Most patients will have good continence and be able to return to the same level of physical activity postoperatively. Normal gait and restoration of strength are seen except in cases of superior gluteal nerve injury. A long-term study found that exstrophy patients who did not have an osteotomy have higher relative joint force and stress levels along with increased degenerative changes in the hips on radiology.9, 13
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The patient referred to in this video article has given their informed consent to be filmed and is aware that information and images will be published online.
1. Smith NM, Chambers HM, Furness ME, Haan EA. The OEIS complex (omphalocele-exstrophy-imperforate anus-spinal defects): recurrence in sibs. J Med Genet. 1992;29(10):730-732. doi:10.1136/jmg.29.10.730
2. Mitchell ME, Plaire C. Management of Cloacal Exstrophy. In: Zderic SA, Canning DA, Carr MC, Snyder HMcC, eds. Pediatric Gender Assignment: A Critical Reappraisal. Springer US; 2002:267-273. doi:10.1007/978-1-4615-0621-8_16
3. Nhan DT, Sponseller PD. Bilateral Anterior Innominate Osteotomy for Bladder Exstrophy. JBJS Essent Surg Tech. 2019;9(1). doi:10.2106/JBJS.ST.18.00018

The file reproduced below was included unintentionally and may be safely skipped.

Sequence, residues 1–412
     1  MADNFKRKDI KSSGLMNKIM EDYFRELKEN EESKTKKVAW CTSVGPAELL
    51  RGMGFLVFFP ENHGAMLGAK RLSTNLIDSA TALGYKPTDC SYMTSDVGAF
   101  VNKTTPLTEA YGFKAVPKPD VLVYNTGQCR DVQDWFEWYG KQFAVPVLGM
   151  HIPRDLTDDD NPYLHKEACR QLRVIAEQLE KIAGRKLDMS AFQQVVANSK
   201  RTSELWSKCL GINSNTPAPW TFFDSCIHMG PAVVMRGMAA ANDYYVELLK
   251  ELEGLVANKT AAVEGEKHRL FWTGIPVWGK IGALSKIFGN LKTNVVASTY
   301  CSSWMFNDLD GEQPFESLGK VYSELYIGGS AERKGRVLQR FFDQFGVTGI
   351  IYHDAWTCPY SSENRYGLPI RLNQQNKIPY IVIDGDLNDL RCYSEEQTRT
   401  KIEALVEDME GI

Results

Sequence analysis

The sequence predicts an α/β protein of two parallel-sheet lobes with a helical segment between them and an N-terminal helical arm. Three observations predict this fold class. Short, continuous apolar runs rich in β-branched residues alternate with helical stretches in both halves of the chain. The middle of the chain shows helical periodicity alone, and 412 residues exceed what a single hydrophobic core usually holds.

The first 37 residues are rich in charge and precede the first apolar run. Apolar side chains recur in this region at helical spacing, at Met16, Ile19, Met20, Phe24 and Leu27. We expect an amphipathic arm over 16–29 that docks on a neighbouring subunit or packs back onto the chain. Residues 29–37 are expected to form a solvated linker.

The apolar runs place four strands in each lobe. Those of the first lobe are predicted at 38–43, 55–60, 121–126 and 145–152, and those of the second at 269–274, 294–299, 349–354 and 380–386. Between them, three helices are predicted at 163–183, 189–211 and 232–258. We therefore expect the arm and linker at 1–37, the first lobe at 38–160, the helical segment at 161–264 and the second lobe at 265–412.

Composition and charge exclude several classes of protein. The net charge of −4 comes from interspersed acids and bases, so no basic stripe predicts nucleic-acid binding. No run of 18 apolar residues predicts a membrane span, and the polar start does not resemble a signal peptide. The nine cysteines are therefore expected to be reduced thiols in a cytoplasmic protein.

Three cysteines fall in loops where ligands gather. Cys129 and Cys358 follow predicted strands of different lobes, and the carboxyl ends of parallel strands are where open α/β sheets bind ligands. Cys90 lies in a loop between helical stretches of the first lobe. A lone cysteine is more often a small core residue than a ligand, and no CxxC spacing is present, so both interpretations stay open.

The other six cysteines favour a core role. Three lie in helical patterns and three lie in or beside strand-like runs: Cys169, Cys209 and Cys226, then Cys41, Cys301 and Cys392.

4. Woo LL, Thomas JC, Brock JW. Cloacal exstrophy: A comprehensive review of an uncommon problem. J Pediatr Urol. 2010;6(2):102-111. doi:10.1016/j.jpurol.2009.09.011
5. Jones D, Parkinson S, Hosalkar HS. Oblique pelvic osteotomy in the exstrophy/epispadias complex. J Bone Joint Surg Br. 2006;88-B(6):799-806. doi:10.1302/0301-620X.88B6.17712
6. Satsuma S, Kobayashi D, Yoshiya S, Kurosaka M. Comparison of posterior and anterior pelvic osteotomy for bladder exstrophy complex. J Pediatr Orthop B. 2006;15(2):141-146. doi:10.1097/01.bpb.0000191873.61635.10
7. Giordano M, Di Lazzaro A, Guzzanti V, et al. Oblique pelvic osteotomy in the treatment of bladder exstrophy in neonates. J Pediatr Orthop B. 2019;28(3):207-213. doi:10.1097/BPB.0000000000000614
8. Ben-Chaim J, Peppas DS, Sponseller PD, Jeffs RD, Gearhart JP*. Applications of Osteotomy in the Cloacal Exstrophy Patient. J Urol. 1995;154(2):865-867. doi:10.1016/S0022-5347(01)67187-8